October 22, 2001-- Newsletter #153
Goodies to Go (tm)
October 22, 2001--Newsletter #153
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Greetings, Weekend Silicon Warriors,
The moratorium on Internet taxes is dead. I don't know that state governments will immediately jump on new taxes, but within a year new taxes will start to show up. It's a real shame too.
Common sense should tell lawmakers that adding high taxes will not raise great revenue from hurting sites. It'll only put them out of business so no taxes whatsoever are coming in. However, I'm afraid that logic won't enter into the conversation.
No, you cannot get Anthrax from you computer, but you can get Antrax. It's a new low-level virus that's making it's way around the Web. The subject line offers information about the virus and clicking on the attachment fires the virus. Sound familiar? Be careful. Don't open attachments.
NBC is jumping on the E-commerce bandwagon. ShopNBC is up and running at http://www.shopnbc.com/nbcstore/. There's NASCAR stuff galore so that alone should keep them in business.
All those videophones being used to cover the war should help the sales of handspring's new phone/PDA combo. The new devices are part of the Treo 180 line and come in at around $400.00 when you buy service also. The phone without service is up around $550.00.
Now on to today's topic...
Is the Web the safe place to be?
You'll not get a strange brownish powder from an email. Doing your shopping online allows you to stay out of the mall. Watching Web-based movies and just plain surfing for information are becoming Friday and Saturday night activities.
I'm not predicting this. It's happening. Online sales are up 32% over the week following the attacks.
Usual dead surfing times are up. In some cases it's a full 24 percent so says Yahoo.
News site surfing is way up. Jupiter Media Metrix Inc. reports that news sites won the surfing wars. CNN.com was the most visited with over 24 million unique visitors. That's almost 150% of the normal surfing rate. Visitors also spent longer periods of time. The mean was over a half hour within the site. MSNBC came in second with Time.com and ABC.com tying for the bronze.
Email is flourishing. Direct marketing firms are nervous. The Direct Marketing Association CEO Bob Wientzen says the Anthrax scare will certainly take a bite out of his and the Post Office's business. AOL says that email has nearly doubled from one year ago.
The Internet has become a mirror image of many of our day-to-day activities. Afraid of a letter, send an email. Afraid to go out, stay in and surf.
The four news stories that I pieced together to put create the few paragraphs above proclaimed this as a good thing for those working in the Internet sector. It is. I'm not taking anything away from the Internet economy improving. I run two online sites that are trying to make money. I welcome more surfers and more buyers.
I'm just not as happy about the increase as the articles. I would be happier if the surfing and the buying and the emailing was done out of want and not fear. People aren't emailing because they want to, they're emailing because the alternative is scary.
I brought this up to a couple of friends before starting to write. Someone suggested that it is a bit of a victory that our society is so advanced that we can stay in the comfort and relative security of our own homes and, through our computer, keep in touch with the outside world.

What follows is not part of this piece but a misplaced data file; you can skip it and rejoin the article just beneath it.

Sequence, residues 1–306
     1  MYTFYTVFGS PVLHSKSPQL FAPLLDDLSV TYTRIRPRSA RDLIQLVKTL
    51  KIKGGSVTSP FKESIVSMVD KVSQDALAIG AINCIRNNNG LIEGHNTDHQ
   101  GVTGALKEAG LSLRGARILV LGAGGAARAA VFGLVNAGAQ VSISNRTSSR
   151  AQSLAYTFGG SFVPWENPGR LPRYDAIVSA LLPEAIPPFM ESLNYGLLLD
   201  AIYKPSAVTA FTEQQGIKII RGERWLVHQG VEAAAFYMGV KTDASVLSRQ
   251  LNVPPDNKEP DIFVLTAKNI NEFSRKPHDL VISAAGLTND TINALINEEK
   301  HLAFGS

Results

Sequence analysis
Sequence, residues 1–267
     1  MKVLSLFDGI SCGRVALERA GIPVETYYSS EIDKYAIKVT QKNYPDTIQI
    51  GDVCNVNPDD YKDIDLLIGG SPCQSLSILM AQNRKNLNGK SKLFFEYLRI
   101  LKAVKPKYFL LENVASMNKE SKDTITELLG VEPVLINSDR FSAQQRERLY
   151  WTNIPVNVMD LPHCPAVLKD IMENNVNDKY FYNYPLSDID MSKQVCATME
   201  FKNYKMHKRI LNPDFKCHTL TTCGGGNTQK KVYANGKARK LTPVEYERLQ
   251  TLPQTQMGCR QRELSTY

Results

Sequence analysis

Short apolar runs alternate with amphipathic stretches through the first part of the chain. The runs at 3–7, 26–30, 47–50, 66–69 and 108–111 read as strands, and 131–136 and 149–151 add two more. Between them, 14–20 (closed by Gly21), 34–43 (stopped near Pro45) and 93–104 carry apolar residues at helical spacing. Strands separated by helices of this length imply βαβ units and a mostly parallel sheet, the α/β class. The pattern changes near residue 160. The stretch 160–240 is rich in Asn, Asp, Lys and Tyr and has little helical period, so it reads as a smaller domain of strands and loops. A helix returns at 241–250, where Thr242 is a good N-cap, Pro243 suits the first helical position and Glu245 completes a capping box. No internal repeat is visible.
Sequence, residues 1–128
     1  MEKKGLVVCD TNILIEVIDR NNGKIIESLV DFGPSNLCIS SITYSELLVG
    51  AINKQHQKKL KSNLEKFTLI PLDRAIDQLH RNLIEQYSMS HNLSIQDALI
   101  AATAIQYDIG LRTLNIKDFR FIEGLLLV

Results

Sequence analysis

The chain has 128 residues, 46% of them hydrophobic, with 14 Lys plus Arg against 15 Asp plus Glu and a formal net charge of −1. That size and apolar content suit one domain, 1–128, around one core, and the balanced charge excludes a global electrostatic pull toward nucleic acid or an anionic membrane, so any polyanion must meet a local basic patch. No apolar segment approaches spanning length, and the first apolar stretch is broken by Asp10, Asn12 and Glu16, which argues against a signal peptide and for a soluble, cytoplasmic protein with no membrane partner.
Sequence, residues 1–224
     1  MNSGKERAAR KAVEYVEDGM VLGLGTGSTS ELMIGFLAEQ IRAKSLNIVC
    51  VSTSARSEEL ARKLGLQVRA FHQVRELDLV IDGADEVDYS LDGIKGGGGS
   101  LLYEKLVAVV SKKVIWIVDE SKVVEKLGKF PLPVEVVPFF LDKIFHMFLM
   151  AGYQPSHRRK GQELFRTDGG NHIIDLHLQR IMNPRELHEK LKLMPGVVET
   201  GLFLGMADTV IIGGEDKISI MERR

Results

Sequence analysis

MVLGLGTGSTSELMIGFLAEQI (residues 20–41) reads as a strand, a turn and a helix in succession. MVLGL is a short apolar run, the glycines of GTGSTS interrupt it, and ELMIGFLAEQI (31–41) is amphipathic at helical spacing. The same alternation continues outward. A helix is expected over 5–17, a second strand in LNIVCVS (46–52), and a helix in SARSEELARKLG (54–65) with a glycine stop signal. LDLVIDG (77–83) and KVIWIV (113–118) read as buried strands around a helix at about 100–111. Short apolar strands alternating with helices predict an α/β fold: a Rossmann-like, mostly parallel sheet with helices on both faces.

Hmm...yes, but is cocooning ourselves in our homes any better since we can do it comfortably? I mean, would jail be much better if the cells were mauve with throw pillows, abstract art, and comfy chairs?
Please understand I don't mean to say that the population is cocooning itself, but there are signs that it's happening in pockets. Movie ticket sales are way down for one. Restaurants are begging for customers. Here in New Orleans, the food industry is huge. People have stopped coming as tourists and thus I can get a table at Emeril's just about any night of the week. The governor has set up a "night out" so that locals will fill the chairs. Walking the French Quarter is rather eerie without a hundred people in every shop and bar.
The Internet is great, no doubt, but it's allowing people to stay "hidden" in relative comfort.
That's not good.
I say, continue to buy that stuff online. Visit those news sites. Send that email. But then, come the weekend, thumb your nose at the people who are responsible for your staying home.
Write a nice letter to a good friend. Get dressed up and take in dinner and a movie.
That'll show em'.
That's That. Thanks for reading. I spent this past weekend watching the Saints get beat. It was me and 70,000 of my closest friends. The Superdome is just an amazing place.
Joe Burns, Ph.D.
And Remember: How about some Oreo cookie facts? First off, the original Oreo cookies were not just vanilla cream filled. You could also get lemon. That made sense in 1912 when Americans were obsessed with "English" style cookies, or "biscuits." The Oreo was created to give the impression of being English. There are numerous theories as to how the cookie was named. The most common was that the "RE" came from the word "cream" and the two "Os" came from the two cookies that held it all together. It takes an hour and a half to produce one single cookie. Good thing there are lots of bakeries. I can kill a bag in a sitting.